In a recent conversation with a chief technology officer, he asserted all digital technology changes in his organisation were being led by IT and not by marketing. It made me wonder: How long a marketing function like this could survive?
Australian marketing leaders know they must become more customer-centric but many are fighting a corporate pace of change that’s too slow and a fear of failure.
Those are the top-line findings of a new report, Customer Centric Transformation – How Australian CMOs are Driving Change, produced by Experian of 20 CMOs and more than 100 senior marketers across Australia. According to the research, more than 40 per cent of marketers believe the pace of change is too slow within their organisation.
However, more than 50 per cent of marketers in organisations with a less mature customer-centric approach don’t even feel up to the task, and rate themselves as “not very good” at customer-led initiatives. One big inhibitor is long timeframes involved in an organisation’s transformation, the report stated.
The research plotted businesses surveyed on a Customer Centricity Maturity Index as either ‘beginners’, ‘followers’, ‘challengers’ or ‘progressives’. Experian described ‘progressive’ organisations as those with a ‘CMO+’ at the helm who is more influential in the senior business landscape. ‘Progressive’ CMOs are also characterised by their ability to derive business benefits from customer-centric initiatives, as well as prove the ROI.
On the bright side, 63 per cent of marketers surveyed said they’d become more influential in the last 12 months, a figure that rose to 81 per cent for the ‘progressive CMOs’ driving customer-centric change in their organisation.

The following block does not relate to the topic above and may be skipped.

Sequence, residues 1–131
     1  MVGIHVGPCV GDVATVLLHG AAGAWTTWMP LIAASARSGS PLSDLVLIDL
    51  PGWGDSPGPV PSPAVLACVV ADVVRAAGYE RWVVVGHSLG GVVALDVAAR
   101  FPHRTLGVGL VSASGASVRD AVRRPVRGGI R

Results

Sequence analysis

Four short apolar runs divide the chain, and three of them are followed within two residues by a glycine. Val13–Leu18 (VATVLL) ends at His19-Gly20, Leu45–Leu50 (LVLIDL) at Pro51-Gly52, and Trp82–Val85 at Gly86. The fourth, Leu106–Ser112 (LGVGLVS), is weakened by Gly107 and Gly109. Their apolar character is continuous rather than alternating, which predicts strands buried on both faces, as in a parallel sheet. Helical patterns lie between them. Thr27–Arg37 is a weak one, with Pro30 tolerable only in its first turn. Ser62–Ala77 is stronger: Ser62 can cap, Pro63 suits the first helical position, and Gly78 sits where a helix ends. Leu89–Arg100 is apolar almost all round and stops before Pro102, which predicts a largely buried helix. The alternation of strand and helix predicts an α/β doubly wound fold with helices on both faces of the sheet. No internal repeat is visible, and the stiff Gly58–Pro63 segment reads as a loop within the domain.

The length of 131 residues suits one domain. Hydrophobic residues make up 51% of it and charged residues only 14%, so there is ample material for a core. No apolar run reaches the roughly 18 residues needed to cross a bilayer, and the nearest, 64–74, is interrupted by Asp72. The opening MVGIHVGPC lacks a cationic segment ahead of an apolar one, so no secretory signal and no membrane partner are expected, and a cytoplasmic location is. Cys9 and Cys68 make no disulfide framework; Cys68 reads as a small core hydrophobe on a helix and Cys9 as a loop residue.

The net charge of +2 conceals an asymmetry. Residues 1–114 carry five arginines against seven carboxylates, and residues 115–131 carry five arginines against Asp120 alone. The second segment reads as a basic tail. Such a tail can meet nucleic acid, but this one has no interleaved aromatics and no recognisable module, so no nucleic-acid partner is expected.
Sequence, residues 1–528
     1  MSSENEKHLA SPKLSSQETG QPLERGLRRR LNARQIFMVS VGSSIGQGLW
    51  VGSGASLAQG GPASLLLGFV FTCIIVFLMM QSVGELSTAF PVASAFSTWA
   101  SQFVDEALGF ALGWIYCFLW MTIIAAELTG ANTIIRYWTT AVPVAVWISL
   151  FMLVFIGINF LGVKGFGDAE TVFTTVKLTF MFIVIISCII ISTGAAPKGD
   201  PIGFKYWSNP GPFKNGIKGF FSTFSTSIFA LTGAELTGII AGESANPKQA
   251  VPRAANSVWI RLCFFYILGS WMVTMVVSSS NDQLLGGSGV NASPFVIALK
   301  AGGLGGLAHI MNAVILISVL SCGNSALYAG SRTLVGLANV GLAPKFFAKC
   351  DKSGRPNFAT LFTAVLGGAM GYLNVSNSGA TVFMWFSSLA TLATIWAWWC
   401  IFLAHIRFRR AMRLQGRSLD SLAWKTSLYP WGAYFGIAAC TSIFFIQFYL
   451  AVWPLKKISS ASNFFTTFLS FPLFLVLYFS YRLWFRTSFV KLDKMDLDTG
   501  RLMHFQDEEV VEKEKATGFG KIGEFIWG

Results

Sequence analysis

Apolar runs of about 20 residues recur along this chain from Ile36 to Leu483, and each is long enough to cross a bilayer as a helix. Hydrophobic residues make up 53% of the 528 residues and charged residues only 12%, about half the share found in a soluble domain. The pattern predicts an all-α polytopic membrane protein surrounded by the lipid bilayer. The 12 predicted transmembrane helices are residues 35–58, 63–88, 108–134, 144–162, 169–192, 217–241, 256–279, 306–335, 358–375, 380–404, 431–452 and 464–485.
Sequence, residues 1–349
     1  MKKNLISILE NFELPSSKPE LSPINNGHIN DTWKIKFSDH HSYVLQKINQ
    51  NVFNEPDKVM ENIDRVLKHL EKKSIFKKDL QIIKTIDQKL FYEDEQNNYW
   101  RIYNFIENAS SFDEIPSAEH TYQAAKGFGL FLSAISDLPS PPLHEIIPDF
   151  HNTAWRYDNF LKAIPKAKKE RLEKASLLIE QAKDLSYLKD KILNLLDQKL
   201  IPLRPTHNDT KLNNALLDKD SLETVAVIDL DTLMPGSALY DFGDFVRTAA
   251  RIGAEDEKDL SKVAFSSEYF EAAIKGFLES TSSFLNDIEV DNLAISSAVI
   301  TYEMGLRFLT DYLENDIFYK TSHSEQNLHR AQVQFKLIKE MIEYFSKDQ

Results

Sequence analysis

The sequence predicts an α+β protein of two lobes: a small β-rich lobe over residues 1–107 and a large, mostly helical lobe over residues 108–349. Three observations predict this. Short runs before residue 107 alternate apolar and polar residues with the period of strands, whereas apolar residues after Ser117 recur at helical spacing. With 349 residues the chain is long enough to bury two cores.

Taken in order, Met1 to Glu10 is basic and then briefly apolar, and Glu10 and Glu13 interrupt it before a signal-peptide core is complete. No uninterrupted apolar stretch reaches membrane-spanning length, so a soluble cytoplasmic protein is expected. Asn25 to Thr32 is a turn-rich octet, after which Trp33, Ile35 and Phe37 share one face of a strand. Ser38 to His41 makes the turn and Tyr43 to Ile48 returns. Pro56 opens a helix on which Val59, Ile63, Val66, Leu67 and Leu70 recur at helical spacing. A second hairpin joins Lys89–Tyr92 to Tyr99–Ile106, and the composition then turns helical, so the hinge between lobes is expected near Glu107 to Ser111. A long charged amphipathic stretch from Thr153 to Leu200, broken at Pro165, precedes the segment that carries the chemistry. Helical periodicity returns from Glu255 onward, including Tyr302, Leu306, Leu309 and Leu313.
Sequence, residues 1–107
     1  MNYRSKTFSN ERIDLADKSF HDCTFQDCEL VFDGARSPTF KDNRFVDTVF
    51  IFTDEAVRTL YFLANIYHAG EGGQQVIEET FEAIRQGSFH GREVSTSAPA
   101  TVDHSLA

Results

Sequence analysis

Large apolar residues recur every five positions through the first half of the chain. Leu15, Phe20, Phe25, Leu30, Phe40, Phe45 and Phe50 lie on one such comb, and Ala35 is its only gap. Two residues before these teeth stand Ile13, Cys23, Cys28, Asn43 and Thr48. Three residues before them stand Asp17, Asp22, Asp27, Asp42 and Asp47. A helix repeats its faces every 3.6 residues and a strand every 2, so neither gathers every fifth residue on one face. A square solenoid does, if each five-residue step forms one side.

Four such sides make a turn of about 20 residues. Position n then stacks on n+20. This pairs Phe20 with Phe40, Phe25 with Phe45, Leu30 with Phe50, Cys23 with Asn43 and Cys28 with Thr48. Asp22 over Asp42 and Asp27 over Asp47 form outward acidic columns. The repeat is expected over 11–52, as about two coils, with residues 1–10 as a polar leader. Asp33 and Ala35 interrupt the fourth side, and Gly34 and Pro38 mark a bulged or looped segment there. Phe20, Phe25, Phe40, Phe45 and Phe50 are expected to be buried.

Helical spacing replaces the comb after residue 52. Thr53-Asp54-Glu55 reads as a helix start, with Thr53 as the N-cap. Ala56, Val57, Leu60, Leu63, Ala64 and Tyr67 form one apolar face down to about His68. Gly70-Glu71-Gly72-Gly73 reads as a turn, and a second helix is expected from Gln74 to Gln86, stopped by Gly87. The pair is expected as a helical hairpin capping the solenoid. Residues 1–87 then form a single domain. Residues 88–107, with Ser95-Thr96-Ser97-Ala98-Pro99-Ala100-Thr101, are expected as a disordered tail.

In addition, ‘progressive CMOs’ experienced a 75 per cent improvement in performance on average across key measurement metrics in the last 12 months, and more than 90 per cent are successfully measuring ROI and using these results to secure ongoing budget and resource.
Another stark reminder of the difference between the haves and have not is that 88 per cent of ‘progressives’ have sufficient budget for customer-centric initiatives, compared to just 8 per cent of beginners.
What was also apparent in the report was the discrepancy in time spend on customer-centric strategy versus traditional marketing functions. Across the board, CMOs spend 45 per cent of their time on customer-centric strategy, rising to 52 per cent with ‘challenger’ organisations, and 58 per cent with ‘progressives’. This drops to 35 per cent for ‘beginners’ and ‘followers’.
To back up its maturity index, Experian outlined five key indicators of customer-centric performance: Leadership, insights and analytics, resources, core processes and performance.
As an illustration of the difference between leading customer-centric organisations and those at the beginning of the journey, Experian reported that all ‘progressive’ organisations had an executive management team committed to an active in the customer-centric transformation process. They had also aligned organisational strategy to customer-centric outcomes. In contrast, just 19 per cent of ‘beginners’ had achieved the first, and 12 per cent the latter.
In addition, while all ‘progressive’ organisations are collecting customer feedback to improve customer experience, and more than three in four are working with customers to create products, services and experiences, only 12 per cent of ‘beginners’ are doing the same.
And while 85 per cent of ‘progressive’ organisations believe they have people with the right skills for customer-centric initiatives, only 8 per cent of ‘beginners’ feel the same.
“Digital disruption and market forces, along with changing customer behaviour and needs, are driving customer-centric change in Australia,” commented Experian managing director for A/NZ, John Mayakovski. “A new wave of customer-centric organisations poses significant challenges to more traditional organisations that are battling legacy structures and processes.”
Tips from Experian for CMOs striving for customer-centricity
- Have the ear of the CEO
- Be the knowledge champion for ‘everything consumer’
- Broaden skills and invest time in customer-centric activities
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